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  1. #53
    Did you get it?

    [Edited by jultzya on 07-05-2005 at 10:01 PM]

  2. #54
    Join Date
    Jul 2005
    Ok I re-checked it was 45 inside and 43 outside. Maybe I didnt have probe on tightly before.

  3. #55
    That's more like the correct temps... but is telling you of the same problem!

  4. #56
    Join Date
    Jul 2005
    Yeah I sent something did you get it?

  5. #57
    Join Date
    Aug 2003
    Fort Worth, TX
    Originally posted by pliscon
    The little overflow or balancing line on the Txv is what I am talking about being brazed.
    That "balancing line" on a TXV is actually called an equalizing line. It is so the power head on the TXV will read the pressure of the evaporator at the evap outlet vs. what the pressure would be if the power head used the pressure at the evap inlet. This accounts for pressure drop through the evap coil and also allows the pressure being exerted on the power head to correspond with the superheat at the evap outlet.

    By all means braze this line into place using material you're most comfy with. Better yet, use a tee with the proper size fittings. Sure beats punching or drilling a hole in the suction line, hoping to God any debris doesn't enter the system, and then hoping to God even more you don't burn the equalizer line in two when you braze it up. Oh yeah, and flow nitrogen when you braze.

    Sorry about prodiyer going south on you. I kinda suspected with a handle like "prodiyer" and from his posts said we weren't dealing with a seasoned pro.

    Also, I think the other guys are trying to say that if you're getting a lower suction line temp at the compressor than at the evap, you might have a suction line restriction. Rare, but it can happen. I would double check how I take the readings and ensure there's not something you're overlooking. If you're just two degrees off with the suction line being the one that is warmer, we're back to an overcharge situation.
    Building Physics Rule #1: Hot flows to cold.

    Building Physics Rule #2:
    Higher air pressure moves toward lower air pressure

    Building Physics Rule #3:
    Higher moisture concentration moves toward lower moisture concentration.

  6. #58
    No not yet... try again.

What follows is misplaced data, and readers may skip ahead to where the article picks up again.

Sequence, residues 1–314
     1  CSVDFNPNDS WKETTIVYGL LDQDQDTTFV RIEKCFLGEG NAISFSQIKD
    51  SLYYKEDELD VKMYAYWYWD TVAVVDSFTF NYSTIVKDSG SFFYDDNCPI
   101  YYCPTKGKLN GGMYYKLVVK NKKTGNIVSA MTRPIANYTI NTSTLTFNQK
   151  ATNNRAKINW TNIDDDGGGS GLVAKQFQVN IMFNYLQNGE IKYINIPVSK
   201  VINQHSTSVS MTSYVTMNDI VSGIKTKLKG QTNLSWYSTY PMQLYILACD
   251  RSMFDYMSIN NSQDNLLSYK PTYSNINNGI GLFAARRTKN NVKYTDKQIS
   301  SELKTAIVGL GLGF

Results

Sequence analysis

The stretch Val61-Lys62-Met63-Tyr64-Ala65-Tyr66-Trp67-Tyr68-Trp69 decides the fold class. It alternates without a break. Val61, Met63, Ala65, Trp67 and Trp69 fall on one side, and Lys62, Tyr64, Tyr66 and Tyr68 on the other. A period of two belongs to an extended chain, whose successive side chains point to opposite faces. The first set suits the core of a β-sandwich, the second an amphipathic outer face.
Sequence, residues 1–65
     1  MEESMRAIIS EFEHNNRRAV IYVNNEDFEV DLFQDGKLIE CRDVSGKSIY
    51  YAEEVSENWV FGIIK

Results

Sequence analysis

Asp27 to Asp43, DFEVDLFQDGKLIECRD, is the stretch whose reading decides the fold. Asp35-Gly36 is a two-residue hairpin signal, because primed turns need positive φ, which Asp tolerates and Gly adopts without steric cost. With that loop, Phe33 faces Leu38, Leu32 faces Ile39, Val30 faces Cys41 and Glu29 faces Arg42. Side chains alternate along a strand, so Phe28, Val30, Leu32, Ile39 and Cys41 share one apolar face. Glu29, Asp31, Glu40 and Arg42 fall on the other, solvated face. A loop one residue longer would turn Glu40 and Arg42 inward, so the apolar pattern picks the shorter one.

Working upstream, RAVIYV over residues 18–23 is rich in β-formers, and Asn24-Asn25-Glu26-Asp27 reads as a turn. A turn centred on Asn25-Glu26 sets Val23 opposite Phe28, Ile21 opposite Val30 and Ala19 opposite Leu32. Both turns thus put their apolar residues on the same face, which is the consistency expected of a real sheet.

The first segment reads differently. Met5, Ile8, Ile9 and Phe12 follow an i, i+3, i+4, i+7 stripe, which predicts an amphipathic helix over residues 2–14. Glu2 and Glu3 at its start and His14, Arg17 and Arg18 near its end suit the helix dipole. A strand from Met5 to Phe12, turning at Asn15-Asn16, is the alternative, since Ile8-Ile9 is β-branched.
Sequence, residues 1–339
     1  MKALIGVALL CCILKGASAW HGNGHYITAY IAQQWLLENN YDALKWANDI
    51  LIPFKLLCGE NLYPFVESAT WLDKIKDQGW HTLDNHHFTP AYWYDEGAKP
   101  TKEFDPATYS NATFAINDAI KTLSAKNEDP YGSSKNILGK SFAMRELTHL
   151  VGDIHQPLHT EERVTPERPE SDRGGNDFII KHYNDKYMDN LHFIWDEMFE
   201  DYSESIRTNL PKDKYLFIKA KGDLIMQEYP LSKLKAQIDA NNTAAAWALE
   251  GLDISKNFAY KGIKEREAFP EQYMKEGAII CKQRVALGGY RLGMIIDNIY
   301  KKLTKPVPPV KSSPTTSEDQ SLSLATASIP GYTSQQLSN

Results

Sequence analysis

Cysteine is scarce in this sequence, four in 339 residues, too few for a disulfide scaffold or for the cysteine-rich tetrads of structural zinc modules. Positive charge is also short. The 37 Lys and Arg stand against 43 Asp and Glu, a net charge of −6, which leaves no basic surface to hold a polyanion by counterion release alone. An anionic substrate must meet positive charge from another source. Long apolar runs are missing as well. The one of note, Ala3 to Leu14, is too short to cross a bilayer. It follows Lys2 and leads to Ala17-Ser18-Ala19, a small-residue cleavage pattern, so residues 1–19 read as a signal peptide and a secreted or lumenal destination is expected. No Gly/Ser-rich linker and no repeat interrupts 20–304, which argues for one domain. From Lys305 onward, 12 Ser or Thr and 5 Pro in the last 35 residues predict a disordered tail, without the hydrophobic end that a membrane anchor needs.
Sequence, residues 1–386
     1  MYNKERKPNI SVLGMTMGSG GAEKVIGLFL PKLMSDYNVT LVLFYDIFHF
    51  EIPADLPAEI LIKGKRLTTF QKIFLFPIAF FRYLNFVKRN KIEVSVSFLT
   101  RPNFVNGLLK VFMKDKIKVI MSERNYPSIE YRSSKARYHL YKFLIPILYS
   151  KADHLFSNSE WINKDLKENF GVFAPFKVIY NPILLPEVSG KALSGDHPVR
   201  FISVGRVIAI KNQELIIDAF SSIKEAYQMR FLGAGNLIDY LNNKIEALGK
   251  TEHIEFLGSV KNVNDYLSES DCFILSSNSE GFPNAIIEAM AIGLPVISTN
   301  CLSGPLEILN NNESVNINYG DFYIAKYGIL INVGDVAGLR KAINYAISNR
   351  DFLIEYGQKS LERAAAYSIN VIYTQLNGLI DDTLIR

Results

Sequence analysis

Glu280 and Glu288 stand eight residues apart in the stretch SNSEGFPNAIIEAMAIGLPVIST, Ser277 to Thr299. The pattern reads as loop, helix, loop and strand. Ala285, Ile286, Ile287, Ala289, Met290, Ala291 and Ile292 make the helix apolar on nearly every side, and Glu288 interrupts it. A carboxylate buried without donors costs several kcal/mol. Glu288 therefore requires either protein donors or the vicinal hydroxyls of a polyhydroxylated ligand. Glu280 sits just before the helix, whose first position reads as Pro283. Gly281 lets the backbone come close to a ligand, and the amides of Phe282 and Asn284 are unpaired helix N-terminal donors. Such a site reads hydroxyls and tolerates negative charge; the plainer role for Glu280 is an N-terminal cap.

7. #59
    I know carrier on their high efficency units have required subcooling right on the nameplate at the outdoor unit. How do you determine what the required subcooling should be?

  8. #60
    Originally posted by prodiyer
    I know carrier on their high efficency units have required subcooling right on the nameplate at the outdoor unit. How do you determine what the required subcooling should be?
    First you come here and try to act like a professional...

    And now, you are asking basic refrigeration questions!

    This can only get better...LOL

  9. #61

    I guess the name fits...


    Yesterday, he was a "pro"...

    Today, he's just a "diy'er"


  10. #62
    Join Date
    Mar 2004
    Southern ca
    Are you adding freon for the lineset length over 15' plus freon for the evaporator coil? Doesn't the condenser come precharged for 15' of lineset and the coil?. In other words if you just had exactly 15' of lineset, you would not need to add any freon. That is the way I was taught.

  11. #63
    Join Date
    Jul 2005
    I add freon for the Linset over the 15'. As for the coil I used a 5 ton coil and a 4 ton condenser. The larger coil requires additional freon.

    This is straight out of the manual tells you correct piston oriface and additional charge for each combination of Coil/Condenser

  12. #64
    Evac and let the charge go... NO MATTER WHAT!
    Then set the charge by SH or SC.

    Never add refrigerant till you know (for sure) it's low on charge!

    BTW, how is your unit running tonight? Do you have any new data for us to look at?

  13. #65
    First of all jultz, you said required subcooling is never found on the nameplate and you are wrong! I asked how do you determine what the required subcooling should be? If this is basic then you shouldnt have a problem answering it.

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